I love visiting the Aurobindo Ashram operated handmade paper making factory and the marbling divisions. Both have stores where you can find the most amazing range of handmade creations! I usually shop for a considerable number of handmade paper products and some marbled stoles – don’t worry, I don’t hoard, gift a lot of them away 🙂
There is a large public garden, several libraries, a police museum and old monuments other than the remarkable presence of the Aurobindo Ashram. The local churches are brightly illuminated with active participation during all festivals.
Founded in 1926 by Sri Aurobindo, it now has over 2000 people under its umbrella. You can visit it sans footwear and any electronic gadget. Its pivotal role is in education:
“The Centre of Education provides education from kindergarten to college levels of study. Its faculties include Humanities, Sciences, Languages, Engineering Technology, and Physical Education, and it has facilities for learning drawing, painting, handiwork, music and dancing (Indian and Western), dramatics, and arts and crafts. In addition to several libraries and laboratories there are also opportunities for practical and manual work.”
This is a futuristic city established by the Mother, the “spiritual collaborator” of Sri Aurobindo, in 1968 “where men of all countries would be at home”. According to their website, “Auroville… reflect the socio-economic, cultural, ideological, ecological and climatic factors that have shaped us over 3 decades. They present a visual history of our development and evolution for all to see.”
It also follows the principles and beliefs of Sri Aurobindo. He was a philosopher, poet, educator and freedom fighter from Bengal who taught English at the Maharaja Sayaji University at Baroda before finally arriving at Pondicherry to escape the British during his quite violent activism against them. Here, he gave up his ardent fight and turned more inwards into philosophy and set up the Ashram.
“The Auroville Charter:
- Auroville belongs to nobody in particular. Auroville belongs to humanity as a whole. But, to live in Auroville, one must be a willing servitor of the Divine Consciousness.
- Auroville will be the place of an unending education, of constant progress, and a youth that never ages.
- Auroville wants to be the bridge between the past and the future. Taking advantage of all discoveries from without and from within, Auroville will boldly spring towards future realisations.
- Auroville will be a site of material and spiritual researches for a living embodiment of an actual human unity.”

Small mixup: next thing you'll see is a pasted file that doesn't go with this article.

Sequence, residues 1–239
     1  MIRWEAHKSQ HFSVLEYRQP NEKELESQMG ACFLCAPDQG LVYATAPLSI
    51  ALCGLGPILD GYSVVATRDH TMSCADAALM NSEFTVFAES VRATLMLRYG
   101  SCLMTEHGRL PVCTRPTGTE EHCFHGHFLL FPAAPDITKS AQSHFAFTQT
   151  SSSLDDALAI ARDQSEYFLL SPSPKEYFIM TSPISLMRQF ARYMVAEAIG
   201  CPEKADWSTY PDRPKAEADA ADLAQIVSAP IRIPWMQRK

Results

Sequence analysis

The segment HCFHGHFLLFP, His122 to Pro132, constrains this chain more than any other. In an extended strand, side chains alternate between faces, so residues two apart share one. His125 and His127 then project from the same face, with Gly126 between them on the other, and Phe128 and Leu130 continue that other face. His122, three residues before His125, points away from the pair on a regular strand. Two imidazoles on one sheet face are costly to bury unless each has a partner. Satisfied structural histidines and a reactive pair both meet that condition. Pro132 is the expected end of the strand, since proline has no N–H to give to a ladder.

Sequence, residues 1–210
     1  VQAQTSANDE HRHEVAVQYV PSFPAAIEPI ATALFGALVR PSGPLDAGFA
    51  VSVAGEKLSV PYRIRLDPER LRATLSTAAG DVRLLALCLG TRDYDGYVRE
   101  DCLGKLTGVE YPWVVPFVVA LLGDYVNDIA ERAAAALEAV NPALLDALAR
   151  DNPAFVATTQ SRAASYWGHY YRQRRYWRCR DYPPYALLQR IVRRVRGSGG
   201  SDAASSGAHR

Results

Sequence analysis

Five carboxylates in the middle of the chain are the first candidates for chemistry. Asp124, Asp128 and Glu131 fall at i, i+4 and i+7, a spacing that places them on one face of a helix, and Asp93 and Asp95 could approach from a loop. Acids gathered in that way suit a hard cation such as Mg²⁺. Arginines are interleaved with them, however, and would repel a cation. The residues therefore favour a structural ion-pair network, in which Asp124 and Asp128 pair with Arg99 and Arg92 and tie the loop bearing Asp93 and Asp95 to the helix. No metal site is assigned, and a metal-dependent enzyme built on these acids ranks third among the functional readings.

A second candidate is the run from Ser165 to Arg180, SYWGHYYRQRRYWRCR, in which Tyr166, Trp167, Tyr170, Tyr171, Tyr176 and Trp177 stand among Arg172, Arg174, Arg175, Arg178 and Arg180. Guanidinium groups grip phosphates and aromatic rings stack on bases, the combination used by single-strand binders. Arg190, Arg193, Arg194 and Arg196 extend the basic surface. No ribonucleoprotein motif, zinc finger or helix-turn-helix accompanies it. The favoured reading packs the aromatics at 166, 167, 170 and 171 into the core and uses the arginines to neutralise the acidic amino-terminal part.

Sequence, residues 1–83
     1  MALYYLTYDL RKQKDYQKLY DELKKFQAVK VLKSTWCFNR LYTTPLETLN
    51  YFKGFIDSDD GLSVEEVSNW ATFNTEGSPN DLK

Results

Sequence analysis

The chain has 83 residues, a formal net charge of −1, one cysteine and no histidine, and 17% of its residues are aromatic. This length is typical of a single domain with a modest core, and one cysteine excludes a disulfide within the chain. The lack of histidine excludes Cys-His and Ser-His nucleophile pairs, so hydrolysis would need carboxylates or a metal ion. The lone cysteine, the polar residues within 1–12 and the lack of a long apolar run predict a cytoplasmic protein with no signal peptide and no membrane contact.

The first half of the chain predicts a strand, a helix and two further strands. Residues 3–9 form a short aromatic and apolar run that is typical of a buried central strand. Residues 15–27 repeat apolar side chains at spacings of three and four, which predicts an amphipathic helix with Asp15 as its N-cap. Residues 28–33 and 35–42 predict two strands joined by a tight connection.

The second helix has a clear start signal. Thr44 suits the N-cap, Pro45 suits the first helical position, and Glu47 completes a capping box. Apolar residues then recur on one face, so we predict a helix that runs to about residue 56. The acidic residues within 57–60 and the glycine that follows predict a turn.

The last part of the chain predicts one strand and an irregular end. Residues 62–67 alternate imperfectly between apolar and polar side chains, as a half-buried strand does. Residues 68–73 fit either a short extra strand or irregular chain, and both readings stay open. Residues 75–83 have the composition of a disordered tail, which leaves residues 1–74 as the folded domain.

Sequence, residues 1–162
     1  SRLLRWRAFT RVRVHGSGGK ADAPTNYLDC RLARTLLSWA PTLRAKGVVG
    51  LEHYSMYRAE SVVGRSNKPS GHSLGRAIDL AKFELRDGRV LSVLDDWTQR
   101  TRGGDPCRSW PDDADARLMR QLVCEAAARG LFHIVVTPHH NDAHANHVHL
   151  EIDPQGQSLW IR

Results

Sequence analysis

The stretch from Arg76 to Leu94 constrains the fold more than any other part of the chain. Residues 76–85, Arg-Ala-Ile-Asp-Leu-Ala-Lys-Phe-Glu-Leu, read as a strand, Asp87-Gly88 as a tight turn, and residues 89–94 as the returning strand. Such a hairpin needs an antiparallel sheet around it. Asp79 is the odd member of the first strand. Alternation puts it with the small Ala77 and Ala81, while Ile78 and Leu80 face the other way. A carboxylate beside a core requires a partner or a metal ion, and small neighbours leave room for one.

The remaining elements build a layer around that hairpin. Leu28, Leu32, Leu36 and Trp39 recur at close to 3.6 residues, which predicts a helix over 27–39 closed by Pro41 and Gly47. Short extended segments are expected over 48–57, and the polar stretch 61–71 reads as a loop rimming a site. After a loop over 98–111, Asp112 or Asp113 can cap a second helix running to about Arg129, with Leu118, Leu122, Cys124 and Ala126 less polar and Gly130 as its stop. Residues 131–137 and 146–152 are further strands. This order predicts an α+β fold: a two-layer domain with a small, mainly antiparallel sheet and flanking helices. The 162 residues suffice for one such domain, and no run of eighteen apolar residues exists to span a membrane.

Do take out time and visit the Matrimandir. Roger Anger who was much inspired by the acclaimed architect Le Courbusier designed it. Started in 1968, it was completed in 2008, built over 38 years. I was lucky to be guided by my dear friend Manju Ramanan, an ardent Aurobindo follower from Baroda. We entered the Mantrimandir for a special meditation session and it has remained an incredible experience for me.
There are plenty of small cafes in Auroville with organic food and mouth watering, experimental cuisine. The shops there have some of the best designed objects, but at quite a high price tag! There are a lot of architects, chefs, artists and designers who come from all over the world to devote their creative time at Auroville. The whole atmosphere is indeed different from anything I have ever encountered!
With Manju, I even attended the Tibetan chanting on the night of New Year’s Eve. It is an annual event where the participants are expected to sit quietly, soaking in the peace in the running water of the fountain, listen to the music and have a soul stirring experience. Surprisingly, there were some who were taking selfies and unable to sit still! Why were you even there dude???
Through a maze of green trees and lanes, getting lost twice, we went to meet Aurelio at Svaram – the musical healing centre. This UNESCO endorsed project was found 10 years back as an income generating, sustainable venture for the local unemployed youth. One could walk around their sound research space and play on the instruments available to the public. It seems a truly serene, soothing and happy dream 🙂
In these troubled, uncertain times, when we see millions of the poorest of the poor so vulnerable and hungry, then we realise the importance of the thinkers, artists, architects, designers, poets, authors who dreamt of an ideal society that one scoffed at for being “utopian”. But is it not crucial to have such spaces, as retreats? Auroville compels you to ponder.
Considering we are all in a time travel machine and confined, it is best to pretend to walk around more of Pondy and appreciate the small pleasures of life.
Thank you Manju, Devdip Ganguly and Parashmani Chandra. Those few days at the Park Guest House were so essential for rejuvenating the soul and pausing to fall in love with life again
All photos taken by author, references taken from Aurobindo Ashram, Auroville, Svaram and Puducheri government websites.